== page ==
Preliminary net orders of heavy-duty rigs in December surpassed 40,000 units for the second consecutive month, only the third time in nearly nine years that net truck orders exceeded the 40,000-unit level in back-to-back months, consultancy FTR said today.
According to FTR, net orders—defined as orders minus cancellations—for North American rigs totaled 40,560 units in December. The November total was 45,795 units.
Class 8 orders have totaled 363,000 units over the past 12-month period, according to FTR data.
The records for back-to-back monthly orders were set in the January-March 2006 time period, according to FTR's records. The current two-month record is 97,033 units set in February and March of that year. That was followed by the January-February time frame, according to FTR. Coincidentally, that was the last period of strong industry growth before a freight recession took hold later that year. The freight recession, exacerbated by the broader economic downturn in 2007 to mid-2009, lasted for about seven years.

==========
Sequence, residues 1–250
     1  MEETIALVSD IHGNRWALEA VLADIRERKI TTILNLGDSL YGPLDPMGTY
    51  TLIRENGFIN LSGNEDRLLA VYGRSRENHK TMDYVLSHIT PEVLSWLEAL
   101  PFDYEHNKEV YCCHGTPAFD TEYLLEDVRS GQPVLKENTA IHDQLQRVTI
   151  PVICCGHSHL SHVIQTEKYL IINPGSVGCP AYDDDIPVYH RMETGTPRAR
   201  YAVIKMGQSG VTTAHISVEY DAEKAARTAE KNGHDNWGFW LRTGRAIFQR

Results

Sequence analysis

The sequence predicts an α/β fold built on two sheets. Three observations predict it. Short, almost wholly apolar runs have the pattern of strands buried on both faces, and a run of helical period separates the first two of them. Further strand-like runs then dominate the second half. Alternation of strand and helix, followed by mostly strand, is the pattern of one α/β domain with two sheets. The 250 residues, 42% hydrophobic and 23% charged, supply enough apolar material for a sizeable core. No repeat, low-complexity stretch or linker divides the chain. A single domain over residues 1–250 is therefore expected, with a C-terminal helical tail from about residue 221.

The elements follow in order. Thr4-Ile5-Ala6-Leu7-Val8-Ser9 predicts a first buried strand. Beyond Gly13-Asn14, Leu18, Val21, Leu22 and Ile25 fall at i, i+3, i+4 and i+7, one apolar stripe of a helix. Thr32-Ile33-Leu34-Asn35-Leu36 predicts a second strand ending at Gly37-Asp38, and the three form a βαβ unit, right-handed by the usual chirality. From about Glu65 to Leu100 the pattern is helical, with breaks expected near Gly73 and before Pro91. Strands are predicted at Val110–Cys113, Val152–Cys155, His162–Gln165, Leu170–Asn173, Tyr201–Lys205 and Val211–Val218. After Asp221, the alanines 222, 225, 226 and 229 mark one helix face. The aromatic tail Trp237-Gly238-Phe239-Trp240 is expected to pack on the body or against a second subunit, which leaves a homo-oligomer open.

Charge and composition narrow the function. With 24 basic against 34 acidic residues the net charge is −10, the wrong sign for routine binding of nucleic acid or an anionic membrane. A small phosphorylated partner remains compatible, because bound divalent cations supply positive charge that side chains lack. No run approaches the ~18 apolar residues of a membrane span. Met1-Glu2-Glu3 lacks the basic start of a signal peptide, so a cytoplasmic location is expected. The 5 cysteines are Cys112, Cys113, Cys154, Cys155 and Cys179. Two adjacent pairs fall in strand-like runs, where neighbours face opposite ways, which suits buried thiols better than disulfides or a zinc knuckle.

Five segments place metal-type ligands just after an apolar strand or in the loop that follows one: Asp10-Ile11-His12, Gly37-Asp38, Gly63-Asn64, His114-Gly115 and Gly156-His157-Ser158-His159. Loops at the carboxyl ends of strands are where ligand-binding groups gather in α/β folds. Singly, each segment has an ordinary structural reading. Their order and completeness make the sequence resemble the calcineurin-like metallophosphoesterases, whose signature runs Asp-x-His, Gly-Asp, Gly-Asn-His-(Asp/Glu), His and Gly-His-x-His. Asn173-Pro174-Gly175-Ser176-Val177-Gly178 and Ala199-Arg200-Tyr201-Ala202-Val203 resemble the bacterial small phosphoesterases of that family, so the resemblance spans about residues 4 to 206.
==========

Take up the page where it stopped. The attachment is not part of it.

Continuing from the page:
Don Ake, FTR's vice president of commercial vehicles, said in a statement that the back-to-back monthly gains are a "rare" occurrence and are mostly due to several very large fleets placing orders now for trucks to be built during 2015. The heavy order activity at this time is the result of fleets locking in production slots due to tight manufacturing capacity, Ake said.
"Confidence in the economy and positive factors in the trucking sector are motivating fleets to place orders very early in this cycle," Ake said. "Trucking capacity remains tight, and fleets continue to need more trucks." Orders may weaken at the start of 2015 because some fleets have half of their expected requirements for next year already in the current backlog, he added.
In the post-recession years, virtually all rig orders have been aimed at replacing aging equipment rather than adding to existing fleet sizes. This was due to sub-par demand for freight services and escalating equipment costs. Now, with demand picking up and rate increases sticking, carriers may have enough confidence to start positioning their fleets for growth. However, FTR said it doesn't have clear evidence that such a trend is actually taking hold.
Trailer activity is on a tear as well. U.S. trailer net orders in October hit 46,267 units, an all-time record high and shattering the old record by 9 percent, according to FTR data. Trailer orders have now totaled 327,000 in the past 12 months through October, FTR said.
Activity was much higher than expected as large fleets, including leasing companies, placed sizable orders for 2015, FTR said. Users were incented to order now due to expected tight production capacity at trailer manufacturers next year, FTR said.